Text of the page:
Photometric redshifts for galaxies in the Spitzer Extragalactic Representative Volume Survey (SERVS)
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We present photometric redshifts for ∼4 million galaxies detected in the Spitzer 3.6 or 4.5 μm bands of the Spitzer Extragalactic Representative Volume Survey (SERVS). The 18 deg2 area of SERVS covers five extragalactic fields with a variety of ancillary, optical, and near-infrared (IR) photometry. We evaluate the accuracy of our photometric redshifts with ∼90.000 publicly available, spectroscopic redshifts. Overall, we find an average of ∼0.038 for the normalized median absolute deviation (σNMAD), a measure similar to the standard deviation yet more robust against outliers, and outlier fraction η of 3.7 per cent for the sources with the widest wavelength coverage. On the example of the XMM field, we quantify the quality and reliability of photometric redshifts as a function of (1) the number of photometric bands available in the fitting, (2) iAB magnitude, (3) Infrared Array Camera (IRAC) 3.6 μm magnitude, (4) spectroscopic redshift, and (5) the survey origin of the spectroscopic redshift. The best results are achieved when the photometry available for the fitting covers rest-frame optical and near-IR wavelengths. σNMAD and η are smallest for the brightest objects. Similarly, we find σNMAD and η to be smaller on average at z < 1.5 than at z > 1.5. Photometric redshifts derived without the two IRAC filter bands, but detections in all other bands are slightly underestimated. Approximately 76 per cent of SERVS sources with at least five available filter bands lie between redshift 0 and ∼1.5.We find a tail of high-redshift galaxies, i.e. ∼7 per cent of all objects with at least five available filter bands for the fitting lie at z > 3.We discuss ways to improve upon the photometric redshifts for SERVS galaxies in the future.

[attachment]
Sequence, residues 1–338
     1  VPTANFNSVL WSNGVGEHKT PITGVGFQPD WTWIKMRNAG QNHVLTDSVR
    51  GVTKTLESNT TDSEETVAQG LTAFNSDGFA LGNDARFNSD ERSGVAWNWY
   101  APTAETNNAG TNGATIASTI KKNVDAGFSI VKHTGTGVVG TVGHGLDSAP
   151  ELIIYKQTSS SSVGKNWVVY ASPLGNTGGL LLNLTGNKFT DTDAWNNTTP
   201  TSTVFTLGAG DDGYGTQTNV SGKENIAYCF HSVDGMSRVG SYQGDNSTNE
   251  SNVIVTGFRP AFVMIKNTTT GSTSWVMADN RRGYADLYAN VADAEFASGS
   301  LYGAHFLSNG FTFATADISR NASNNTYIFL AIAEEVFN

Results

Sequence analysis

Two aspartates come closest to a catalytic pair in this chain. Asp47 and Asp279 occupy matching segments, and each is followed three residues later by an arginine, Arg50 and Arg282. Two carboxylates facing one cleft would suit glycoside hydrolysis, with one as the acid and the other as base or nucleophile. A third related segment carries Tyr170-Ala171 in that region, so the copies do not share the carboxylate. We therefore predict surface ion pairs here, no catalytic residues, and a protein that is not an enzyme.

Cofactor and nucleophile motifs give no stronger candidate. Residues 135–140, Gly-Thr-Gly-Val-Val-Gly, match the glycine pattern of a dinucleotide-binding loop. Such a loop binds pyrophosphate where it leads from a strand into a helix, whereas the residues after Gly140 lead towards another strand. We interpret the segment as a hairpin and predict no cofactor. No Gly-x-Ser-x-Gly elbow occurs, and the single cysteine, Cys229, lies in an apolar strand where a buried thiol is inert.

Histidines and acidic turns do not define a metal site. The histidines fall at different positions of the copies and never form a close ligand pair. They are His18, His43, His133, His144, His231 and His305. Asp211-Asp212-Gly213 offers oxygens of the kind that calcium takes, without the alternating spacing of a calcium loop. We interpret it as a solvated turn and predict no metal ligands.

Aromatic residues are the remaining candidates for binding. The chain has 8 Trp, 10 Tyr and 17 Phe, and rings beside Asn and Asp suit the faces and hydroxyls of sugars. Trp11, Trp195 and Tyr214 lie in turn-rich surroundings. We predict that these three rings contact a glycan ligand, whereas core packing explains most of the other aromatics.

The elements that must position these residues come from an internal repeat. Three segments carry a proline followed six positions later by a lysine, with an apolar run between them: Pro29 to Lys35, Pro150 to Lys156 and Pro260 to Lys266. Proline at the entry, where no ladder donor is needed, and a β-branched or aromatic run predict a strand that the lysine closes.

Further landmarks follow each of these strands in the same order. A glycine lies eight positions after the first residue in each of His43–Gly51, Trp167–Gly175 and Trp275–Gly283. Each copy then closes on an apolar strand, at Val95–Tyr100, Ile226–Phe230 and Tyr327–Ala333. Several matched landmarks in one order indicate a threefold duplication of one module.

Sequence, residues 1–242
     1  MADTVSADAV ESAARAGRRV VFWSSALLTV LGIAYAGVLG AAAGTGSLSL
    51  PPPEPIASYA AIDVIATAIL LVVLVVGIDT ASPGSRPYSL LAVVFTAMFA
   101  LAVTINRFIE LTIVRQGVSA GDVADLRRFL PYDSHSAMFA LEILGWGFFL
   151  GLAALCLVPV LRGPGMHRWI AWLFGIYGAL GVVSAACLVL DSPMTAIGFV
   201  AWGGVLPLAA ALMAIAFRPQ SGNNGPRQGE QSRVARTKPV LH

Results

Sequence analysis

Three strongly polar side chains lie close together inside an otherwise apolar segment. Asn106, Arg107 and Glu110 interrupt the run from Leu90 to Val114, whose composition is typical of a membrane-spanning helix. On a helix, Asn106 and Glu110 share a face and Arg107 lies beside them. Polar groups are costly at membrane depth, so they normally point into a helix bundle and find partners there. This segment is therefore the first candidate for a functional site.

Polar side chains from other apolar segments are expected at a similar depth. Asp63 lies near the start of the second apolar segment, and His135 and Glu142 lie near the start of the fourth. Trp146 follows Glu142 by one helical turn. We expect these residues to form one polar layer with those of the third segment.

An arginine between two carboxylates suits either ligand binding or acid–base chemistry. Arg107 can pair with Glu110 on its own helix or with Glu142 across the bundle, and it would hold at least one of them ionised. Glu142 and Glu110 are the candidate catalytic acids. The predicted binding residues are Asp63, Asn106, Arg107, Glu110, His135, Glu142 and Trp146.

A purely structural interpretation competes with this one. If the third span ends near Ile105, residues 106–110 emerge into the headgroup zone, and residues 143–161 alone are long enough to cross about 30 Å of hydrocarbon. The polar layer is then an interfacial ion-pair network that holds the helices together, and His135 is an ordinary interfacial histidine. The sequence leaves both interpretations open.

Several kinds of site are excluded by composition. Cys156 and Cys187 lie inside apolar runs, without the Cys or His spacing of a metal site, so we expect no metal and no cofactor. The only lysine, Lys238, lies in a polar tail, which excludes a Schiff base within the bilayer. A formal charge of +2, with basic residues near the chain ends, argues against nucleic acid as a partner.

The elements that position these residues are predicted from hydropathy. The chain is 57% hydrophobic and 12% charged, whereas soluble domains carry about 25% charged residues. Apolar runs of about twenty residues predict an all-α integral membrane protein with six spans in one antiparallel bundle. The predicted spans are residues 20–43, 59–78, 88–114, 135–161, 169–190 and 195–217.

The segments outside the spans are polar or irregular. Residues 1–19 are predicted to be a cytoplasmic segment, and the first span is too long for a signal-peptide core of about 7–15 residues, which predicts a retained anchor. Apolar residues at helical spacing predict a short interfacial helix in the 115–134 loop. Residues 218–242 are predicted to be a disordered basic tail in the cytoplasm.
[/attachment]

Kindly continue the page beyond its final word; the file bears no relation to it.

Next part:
|Number of pages||28|
|Journal||Monthly Notices of the Royal Astronomical Society|
|Early online date||23 Nov 2018|
|Publication status||Published - 1 Mar 2019|
Rights statement: This article has been accepted for publication in MNRAS © 2018 The Author(s). Published by Oxford University Press on behalf of the Royal Astronomical Society. All rights reserved.
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